A vast majority of grain and corn-fed meat comes from Large International Companies that put profit over human health. In fact, many of the well-known beef brands are now Brazilian-owned. These companies are harming the beef industry by controlling prices and putting family ranchers and farmers out of business. In 2019, lawsuits were filed alleging price fix fixing and collusion in the cattle market. Read more in this article from Successful Farmer: “LAWSUITS ALLEGE PRICE-FIXING BY BEEF COMPANIES.” Another Yikes!

Corn fed beef is well marbled (with white fat) and gets most of its flavor from the fat content. In fact, beef that’s labeled Prime or Choice is primarily graded by it’s fat content. I believe corn-fed beef tastes a little bland and is too fatty (just one person’s opinion). Plus, you don’t know how the animals are raised and if they were given hormones, antibiotics or other additives.

Grass Fed Beef (Naturally Raised)
Naturally-raised beef is a healthier alternative vs. most meat available at the store. It has approximately 30% less total fat and lower cholesterol vs. commercial beef. Grass fed meat also has a significant amount of antioxidant vitamins (A, B, D & more), is rich in heart-healthy Omega-3s and CLA fatty acids (Conjugated Linoleic Acid) and also full of essential minerals.

Free Range beef has a reputation for being tough, and chewy with a bit of a gamey taste. Many people tried it once, had a bad experience and never tried it again. That’s unfortunate because  someone processed and sold an older animal that was past its prime; like an old mother cow that’s 13 years old. It happens more than you would think. We encourage you to try quality aged grass-fed beef from a reputable source (check their online ratings) and see if it changes your mind.

Grass Fed Beef is a leaner meat and has a more robust ‘beefy’ flavor profile versus most store bought beef. The meat gets its flavor from the natural grasses in the cow’s diet, not by unhealthy fat. Dry aging grass fed beef makes a big difference, in terms of both taste and texture. We recommend buying beef that’s aged 14-21 days (or more) for the best results. Dry-aged beef is the same quality (or better) that they serve at the finest restaurants around the country.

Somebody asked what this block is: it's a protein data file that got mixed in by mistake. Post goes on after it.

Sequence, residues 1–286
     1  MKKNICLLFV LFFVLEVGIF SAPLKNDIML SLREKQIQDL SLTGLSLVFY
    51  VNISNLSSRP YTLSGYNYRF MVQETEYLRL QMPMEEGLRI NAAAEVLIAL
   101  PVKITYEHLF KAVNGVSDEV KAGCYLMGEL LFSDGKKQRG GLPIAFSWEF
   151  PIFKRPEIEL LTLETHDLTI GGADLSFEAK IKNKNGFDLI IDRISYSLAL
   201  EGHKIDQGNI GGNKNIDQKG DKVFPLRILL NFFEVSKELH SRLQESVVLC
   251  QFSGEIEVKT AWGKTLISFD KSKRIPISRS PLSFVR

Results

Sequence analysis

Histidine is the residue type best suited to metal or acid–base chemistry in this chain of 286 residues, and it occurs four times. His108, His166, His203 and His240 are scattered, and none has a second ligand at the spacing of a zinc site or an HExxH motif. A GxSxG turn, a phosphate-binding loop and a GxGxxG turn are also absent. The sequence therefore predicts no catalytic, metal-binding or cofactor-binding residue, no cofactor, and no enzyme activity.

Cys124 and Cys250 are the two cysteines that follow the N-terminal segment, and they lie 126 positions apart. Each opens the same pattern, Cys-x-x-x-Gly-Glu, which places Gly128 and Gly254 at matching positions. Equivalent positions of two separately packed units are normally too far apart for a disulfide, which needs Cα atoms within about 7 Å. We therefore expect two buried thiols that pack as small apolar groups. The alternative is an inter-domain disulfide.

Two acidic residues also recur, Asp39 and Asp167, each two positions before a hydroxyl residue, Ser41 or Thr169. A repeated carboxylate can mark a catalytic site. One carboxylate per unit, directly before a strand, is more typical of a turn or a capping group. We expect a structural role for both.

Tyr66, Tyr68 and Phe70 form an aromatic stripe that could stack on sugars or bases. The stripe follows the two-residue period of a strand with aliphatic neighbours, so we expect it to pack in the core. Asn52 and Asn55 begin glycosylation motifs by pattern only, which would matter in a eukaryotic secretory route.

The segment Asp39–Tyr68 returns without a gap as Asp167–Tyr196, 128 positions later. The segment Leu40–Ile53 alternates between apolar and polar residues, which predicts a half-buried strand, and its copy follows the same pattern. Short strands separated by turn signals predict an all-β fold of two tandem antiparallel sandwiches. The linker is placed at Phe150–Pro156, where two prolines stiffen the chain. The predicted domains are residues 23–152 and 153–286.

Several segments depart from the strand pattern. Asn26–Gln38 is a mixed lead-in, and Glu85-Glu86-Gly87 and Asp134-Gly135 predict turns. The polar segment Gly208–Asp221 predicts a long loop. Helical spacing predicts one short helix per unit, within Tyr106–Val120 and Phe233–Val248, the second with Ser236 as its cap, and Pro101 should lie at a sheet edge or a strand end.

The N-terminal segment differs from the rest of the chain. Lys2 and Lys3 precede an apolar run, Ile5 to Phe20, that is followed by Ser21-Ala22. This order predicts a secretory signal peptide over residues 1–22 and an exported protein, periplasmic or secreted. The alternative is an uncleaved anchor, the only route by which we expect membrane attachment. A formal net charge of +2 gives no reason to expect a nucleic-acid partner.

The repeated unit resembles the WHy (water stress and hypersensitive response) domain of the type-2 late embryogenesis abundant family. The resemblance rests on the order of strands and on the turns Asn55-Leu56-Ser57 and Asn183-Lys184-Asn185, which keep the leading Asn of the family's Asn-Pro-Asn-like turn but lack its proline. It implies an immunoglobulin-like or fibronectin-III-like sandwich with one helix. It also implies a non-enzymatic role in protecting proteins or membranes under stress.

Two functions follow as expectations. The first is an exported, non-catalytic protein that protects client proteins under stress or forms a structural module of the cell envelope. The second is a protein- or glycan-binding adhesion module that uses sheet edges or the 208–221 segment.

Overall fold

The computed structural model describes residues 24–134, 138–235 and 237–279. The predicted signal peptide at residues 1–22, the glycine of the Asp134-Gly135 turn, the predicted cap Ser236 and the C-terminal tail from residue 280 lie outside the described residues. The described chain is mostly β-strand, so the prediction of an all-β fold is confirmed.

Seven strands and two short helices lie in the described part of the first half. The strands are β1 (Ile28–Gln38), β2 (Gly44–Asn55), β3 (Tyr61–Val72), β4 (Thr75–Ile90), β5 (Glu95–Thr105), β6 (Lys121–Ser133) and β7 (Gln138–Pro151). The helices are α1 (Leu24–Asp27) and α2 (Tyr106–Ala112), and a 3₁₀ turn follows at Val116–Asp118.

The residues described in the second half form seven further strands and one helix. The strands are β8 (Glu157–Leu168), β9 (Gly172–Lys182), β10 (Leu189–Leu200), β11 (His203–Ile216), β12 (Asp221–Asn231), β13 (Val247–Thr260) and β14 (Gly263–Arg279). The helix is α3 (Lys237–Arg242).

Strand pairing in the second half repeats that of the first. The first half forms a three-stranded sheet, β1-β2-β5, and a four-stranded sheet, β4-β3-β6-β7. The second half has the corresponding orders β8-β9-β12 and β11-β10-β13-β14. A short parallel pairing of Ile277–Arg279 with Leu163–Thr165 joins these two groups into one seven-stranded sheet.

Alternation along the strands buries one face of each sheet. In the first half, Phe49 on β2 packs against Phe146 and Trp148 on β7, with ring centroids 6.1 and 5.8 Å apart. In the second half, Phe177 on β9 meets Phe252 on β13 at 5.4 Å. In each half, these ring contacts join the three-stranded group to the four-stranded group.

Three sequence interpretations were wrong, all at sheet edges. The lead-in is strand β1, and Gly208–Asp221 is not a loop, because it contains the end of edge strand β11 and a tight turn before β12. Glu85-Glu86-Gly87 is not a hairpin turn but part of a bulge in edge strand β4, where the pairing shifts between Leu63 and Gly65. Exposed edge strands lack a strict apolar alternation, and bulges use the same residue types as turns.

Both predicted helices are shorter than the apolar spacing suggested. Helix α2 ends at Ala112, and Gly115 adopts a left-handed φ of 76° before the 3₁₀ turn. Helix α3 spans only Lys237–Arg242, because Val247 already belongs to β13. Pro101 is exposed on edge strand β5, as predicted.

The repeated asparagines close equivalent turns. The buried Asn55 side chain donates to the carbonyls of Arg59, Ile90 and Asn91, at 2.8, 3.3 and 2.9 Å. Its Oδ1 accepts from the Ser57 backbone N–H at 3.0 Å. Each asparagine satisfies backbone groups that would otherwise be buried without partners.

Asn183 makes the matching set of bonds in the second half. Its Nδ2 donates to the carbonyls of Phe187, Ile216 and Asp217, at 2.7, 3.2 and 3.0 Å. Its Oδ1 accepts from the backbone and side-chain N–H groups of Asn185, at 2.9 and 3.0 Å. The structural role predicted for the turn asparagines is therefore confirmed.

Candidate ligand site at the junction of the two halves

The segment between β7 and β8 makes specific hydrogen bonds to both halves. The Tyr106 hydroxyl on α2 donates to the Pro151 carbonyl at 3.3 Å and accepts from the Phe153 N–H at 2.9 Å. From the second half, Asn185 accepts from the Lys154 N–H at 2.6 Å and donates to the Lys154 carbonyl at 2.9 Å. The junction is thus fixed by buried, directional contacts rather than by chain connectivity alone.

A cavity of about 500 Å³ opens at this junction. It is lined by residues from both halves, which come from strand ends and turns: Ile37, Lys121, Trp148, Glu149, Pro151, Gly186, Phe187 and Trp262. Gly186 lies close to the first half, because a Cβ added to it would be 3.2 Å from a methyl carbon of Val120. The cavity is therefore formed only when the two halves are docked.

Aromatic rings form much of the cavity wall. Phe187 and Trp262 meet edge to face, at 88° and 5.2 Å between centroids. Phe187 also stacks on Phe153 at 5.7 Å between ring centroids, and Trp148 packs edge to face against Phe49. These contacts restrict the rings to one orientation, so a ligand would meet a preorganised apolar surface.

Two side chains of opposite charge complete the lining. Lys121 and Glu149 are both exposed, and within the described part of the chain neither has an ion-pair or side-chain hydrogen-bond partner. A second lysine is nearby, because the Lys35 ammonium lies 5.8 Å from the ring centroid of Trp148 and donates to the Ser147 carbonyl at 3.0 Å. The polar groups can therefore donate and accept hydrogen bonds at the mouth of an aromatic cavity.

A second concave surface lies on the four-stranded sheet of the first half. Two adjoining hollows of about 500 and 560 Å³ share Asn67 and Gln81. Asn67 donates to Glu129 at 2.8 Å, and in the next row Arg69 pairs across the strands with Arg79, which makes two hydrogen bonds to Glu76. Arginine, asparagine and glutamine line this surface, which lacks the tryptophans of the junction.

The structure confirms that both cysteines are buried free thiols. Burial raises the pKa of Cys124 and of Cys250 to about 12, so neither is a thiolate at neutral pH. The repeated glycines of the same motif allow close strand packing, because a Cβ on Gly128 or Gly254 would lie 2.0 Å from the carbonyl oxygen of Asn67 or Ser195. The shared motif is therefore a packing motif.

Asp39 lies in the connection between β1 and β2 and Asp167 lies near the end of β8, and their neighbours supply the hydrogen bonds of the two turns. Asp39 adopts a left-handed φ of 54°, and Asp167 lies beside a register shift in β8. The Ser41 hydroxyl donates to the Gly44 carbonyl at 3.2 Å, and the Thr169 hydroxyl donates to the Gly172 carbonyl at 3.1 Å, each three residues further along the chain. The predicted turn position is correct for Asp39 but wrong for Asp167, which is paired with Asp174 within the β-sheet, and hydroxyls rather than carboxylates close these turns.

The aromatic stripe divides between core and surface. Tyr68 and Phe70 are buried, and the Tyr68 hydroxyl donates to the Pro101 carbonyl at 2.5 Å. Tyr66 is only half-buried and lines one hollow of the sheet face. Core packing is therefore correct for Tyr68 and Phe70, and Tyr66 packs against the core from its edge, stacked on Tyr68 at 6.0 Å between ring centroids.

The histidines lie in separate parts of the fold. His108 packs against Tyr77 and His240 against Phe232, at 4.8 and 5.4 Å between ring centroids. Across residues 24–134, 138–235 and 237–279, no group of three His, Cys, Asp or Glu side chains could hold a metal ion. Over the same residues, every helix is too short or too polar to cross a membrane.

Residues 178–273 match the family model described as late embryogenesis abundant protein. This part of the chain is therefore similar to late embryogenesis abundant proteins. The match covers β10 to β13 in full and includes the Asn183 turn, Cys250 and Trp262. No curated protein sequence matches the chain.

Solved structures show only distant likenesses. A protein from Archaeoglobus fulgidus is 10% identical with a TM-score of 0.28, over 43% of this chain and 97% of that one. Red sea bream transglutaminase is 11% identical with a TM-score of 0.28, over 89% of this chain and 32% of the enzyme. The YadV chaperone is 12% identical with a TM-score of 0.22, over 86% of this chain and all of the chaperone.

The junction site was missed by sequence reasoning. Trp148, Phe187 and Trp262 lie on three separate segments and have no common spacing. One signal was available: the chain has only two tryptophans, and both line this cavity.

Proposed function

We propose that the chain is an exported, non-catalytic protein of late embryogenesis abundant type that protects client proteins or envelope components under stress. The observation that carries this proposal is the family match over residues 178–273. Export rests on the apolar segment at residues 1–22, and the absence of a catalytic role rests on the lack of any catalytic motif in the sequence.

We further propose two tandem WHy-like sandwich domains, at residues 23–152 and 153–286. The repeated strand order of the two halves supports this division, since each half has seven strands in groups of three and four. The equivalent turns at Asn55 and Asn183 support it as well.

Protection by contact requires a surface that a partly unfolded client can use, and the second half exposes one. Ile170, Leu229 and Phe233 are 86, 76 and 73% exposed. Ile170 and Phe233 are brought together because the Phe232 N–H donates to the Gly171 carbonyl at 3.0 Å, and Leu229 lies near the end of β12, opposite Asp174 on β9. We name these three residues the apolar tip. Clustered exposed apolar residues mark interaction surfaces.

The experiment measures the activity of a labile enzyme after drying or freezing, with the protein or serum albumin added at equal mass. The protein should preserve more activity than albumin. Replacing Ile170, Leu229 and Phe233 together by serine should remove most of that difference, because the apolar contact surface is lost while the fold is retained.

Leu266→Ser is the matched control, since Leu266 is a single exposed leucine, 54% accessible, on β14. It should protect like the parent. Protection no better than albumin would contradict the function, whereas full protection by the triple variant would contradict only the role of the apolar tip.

Preparing & Cooking Grass Fed Meat

Grass fed Sirloin Beef Steak

Grass fed meat cooks differently than typical store bought meat. The theme of cooking leaner meat should be ‘slow and low.’ Check out our recent blog post “Tips for Grilling a Perfect Grass Fed Steak“for tips on how to prepare and cook a perfect steak that your family will love.

Preparation & Cooking Tips for Steaks and Hamburger

✔ Reduce cooking temperature (400° F – 450° F is ideal)
✔ Shorten cooking time by 25% (or so)
✔ Preheat cooking surface so it’s nice and hot
✔ Cook to Medium Rare — Do Not Overcook! (grass fed meat is delicate, like wild caught salmon)
✔ Let steaks ‘rest’ at least 5 minutes before eating
✔ Check out links to our Recipes Page

About River Watch Beef

River Watch BeefRiver Watch Beef - Family Raised Beef is a family beef producer located in the Kansas City area. With help from our friends and neighbors, we raise free range and pasture fed beef in central Kansas (Flint Hills) and eastern Colorado. Our mission is to raise the best quality beef possible and deliver it directly to your door. You can learn more about our story here.

How Can I Buy Quality Grass Fed Beef?
We offer the highest quality grass fed beef that is minimally processed and dry aged 14- 21 days to perfection. We offer a number of Grass Fed Beef Packages, or you can Build Your Own Custom Beef Box.

Join our Grass Fed Beef Club and have premium beef delivered to your house each month (bi-monthly and quarterly subscriptions all available). Best of all, you can customize your order each month.

Check out our ‘almost famous’ small batch beef jerky! It’s a customer favorite and sells out quickly.

Chris Kovac

Chris Kovac